You might be excited to ride your Onewheel on the streets and sidewalks to enjoy a unique mobility experience going back and forth. However, not everyone might share your sentiments about this hobby.
You are probably inviting complainants who don’t seem interested in sharing a territory you are invading. However, the growing popularity of Onewheels has also caught the attention of government authorities to regulate the use of such personal electric vehicles (PEV) to avoid future accidents.
So before you plunge into the crowd with your Onewheel, be sure to find out whether or not it is legal in your country because there are places where PEV’s such as Onewheels are considered dangerous and unlawful.
The Dangers of Onewheel
Onewheels, specifically the Pint and the XR, have built-in safety features such as Simplestop, LED lights, and a self-balancing mechanism. Yet, they are not free from different sorts of dangers that may occur along the way. Therefore, you should be aware of them for added caution and to practice prevention.
Although Onewheels have off-road capability, there are still limits in the track they can tolerate. For example, your Onewheel will recognize your foot on the pad when you accelerate the speed, but it doesn’t detect the bumps on the road unless your wheel is a self-driving vehicle.
You, the rider, should decide if you need to slow down or stop.
But if you don’t notice a steep bump when accelerating, you’ll probably nosedive and face-plant into the ground. To avoid this scenario, try to make a full stop to see if you can slowly go past any kind of bump.
If not, don’t take the risk and get off. Your safety is just a maghandle away.
Maybe, bumps and steep humps are not the culprits for an accident while onewheeling. Instead, it could have been that you happened to lean forward too soon.
This situation is common for most beginners. They are clueless that a Onewheel can accelerate further when stepping on the nose harder. And the more abruptly you do it, the more likely you fall off.
Be careful when stepping on the nose. It doesn’t automatically transition like that of the tail, which will cause your Onewheel to slow down before it halts.
Every Onewheel has a built-in battery that may overheat or explode when exposed to high temperatures. It is not different from the standard batteries found in smartphones and other gadgets that you should maintain according to what is recommended in its user manual.
To keep batteries in normal condition, do not overcharge them. Also, avoid putting your Onewheel near a gas tank or a kitchen stove.
One of the fears of those who oppose the use of PEV’s in public is the possibility of battery explosion when cruising near gas stations and other fire hazard areas, especially during hot weather, so ride your Onewheel moderately.
Are Onewheels Legal in the USA?
Since Onewheel is only beginning to become popular, many states in the USA are still working on regulating it. Nonetheless, they are already legal in a few states. If they weren’t so expensive, Onewheels would be even more popular.
In New York, riding a Onewheel is legal. However, it is only allowed along bicycle lanes and streets with a speed limit of 25mph.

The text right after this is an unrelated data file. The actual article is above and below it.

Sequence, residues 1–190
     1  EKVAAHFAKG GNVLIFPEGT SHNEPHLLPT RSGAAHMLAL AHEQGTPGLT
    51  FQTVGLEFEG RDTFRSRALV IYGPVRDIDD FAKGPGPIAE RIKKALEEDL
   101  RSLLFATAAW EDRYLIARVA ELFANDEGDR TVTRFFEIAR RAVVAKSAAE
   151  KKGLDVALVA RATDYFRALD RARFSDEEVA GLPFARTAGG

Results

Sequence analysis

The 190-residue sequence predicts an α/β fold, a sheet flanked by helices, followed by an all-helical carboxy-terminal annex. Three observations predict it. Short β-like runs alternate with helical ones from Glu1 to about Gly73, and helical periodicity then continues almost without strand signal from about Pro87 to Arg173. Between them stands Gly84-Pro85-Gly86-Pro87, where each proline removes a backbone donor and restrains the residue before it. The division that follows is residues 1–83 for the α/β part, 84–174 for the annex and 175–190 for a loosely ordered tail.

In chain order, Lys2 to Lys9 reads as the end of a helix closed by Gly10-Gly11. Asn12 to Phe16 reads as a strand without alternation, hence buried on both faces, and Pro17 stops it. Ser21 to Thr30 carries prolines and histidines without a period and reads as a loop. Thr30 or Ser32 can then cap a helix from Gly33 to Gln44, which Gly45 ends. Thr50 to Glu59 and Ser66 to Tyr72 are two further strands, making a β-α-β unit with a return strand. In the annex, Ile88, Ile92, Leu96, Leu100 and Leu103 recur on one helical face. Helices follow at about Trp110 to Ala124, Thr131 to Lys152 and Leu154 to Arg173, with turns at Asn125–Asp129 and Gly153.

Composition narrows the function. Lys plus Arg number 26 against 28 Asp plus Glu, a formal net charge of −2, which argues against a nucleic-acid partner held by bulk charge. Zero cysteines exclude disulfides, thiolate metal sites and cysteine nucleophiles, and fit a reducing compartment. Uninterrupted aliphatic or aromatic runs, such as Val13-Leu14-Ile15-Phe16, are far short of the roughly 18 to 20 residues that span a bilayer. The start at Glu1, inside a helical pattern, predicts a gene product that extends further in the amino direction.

In Michigan, you can ride an electric scooter and an electric skateboard on streets where cars and bicycles are permitted.
Meanwhile, in California, PEV’s are well-regulated. They are legal in the entire state as long as they only cruise on bicycle lanes with a speed limit of 20mph. The rider must be 16 years old above and must wear a helmet. The wheeled device must have lights and reflectors.
Onewheel Regulations Around The World
Aside from the USA, you can ride your wheeled device if you live in any of these countries and regions:
So far in Asia, only Singapore has made PEV’s legal in public places, but they are prevented from cruising the regular roads for 4-wheeled vehicles. In addition, electric vehicles like electric scooters are only allowed on footpaths with a speed limit of 15kph and along bike lanes with a limit of 25kph.
Wheeled devices and personal mobility vehicles are legal on many roads and public places, provided that you must observe specific laws for regular cars. For example, riders must not use a mobile phone or ride when drunk. They must also wear protective gear or a helmet and be 16 years old or older.
In addition, the device must have lights on at night when cruising the road.
In Norway, electric vehicles are permitted on bicycle roads and should not accelerate beyond 20kph. In addition, they must have a headlight, tail light, reflectors, signal horn, and a proper brake system.
Electric scooters and electric skateboards are legal as long as the rider’s age is 15 years above. In addition, the vehicles should have lights on when moving, whether it is during the day or at night.
Electric skateboards and other PEV’s are allowed on the bike and pedestrian lanes, but they should not accelerate beyond 30kph.
Although electric vehicles are legal in Spain, every city has its own specific rules and regulations. So if you live in Spain, check the laws in your town.
In France, electric skateboards can use roads where a limit of 50 kph is permitted. But if you ride along bike lanes, the limit is 25kph.
You can use a Onewheel and electric skateboard on bicycle lanes with a maximum speed of 20kph.
In Sweden, PEV’s are considered bikes and can use the same lanes not faster than 20kph.
Other Countries Where Onewheels Are Legal
Can a Onewheel Go on a Plane?
Onewheel XR is not allowed to go on a plane because of its battery type, so there is a probability that Onewheel Pint can be permitted. However, it is recommended to confirm with airline personnel if you can take it onboard.
More and more countries and cities are regulating personal mobility vehicles. It’s only a matter of time that anyone will be riding them anywhere in the world. At the moment, follow the laws and ride safely.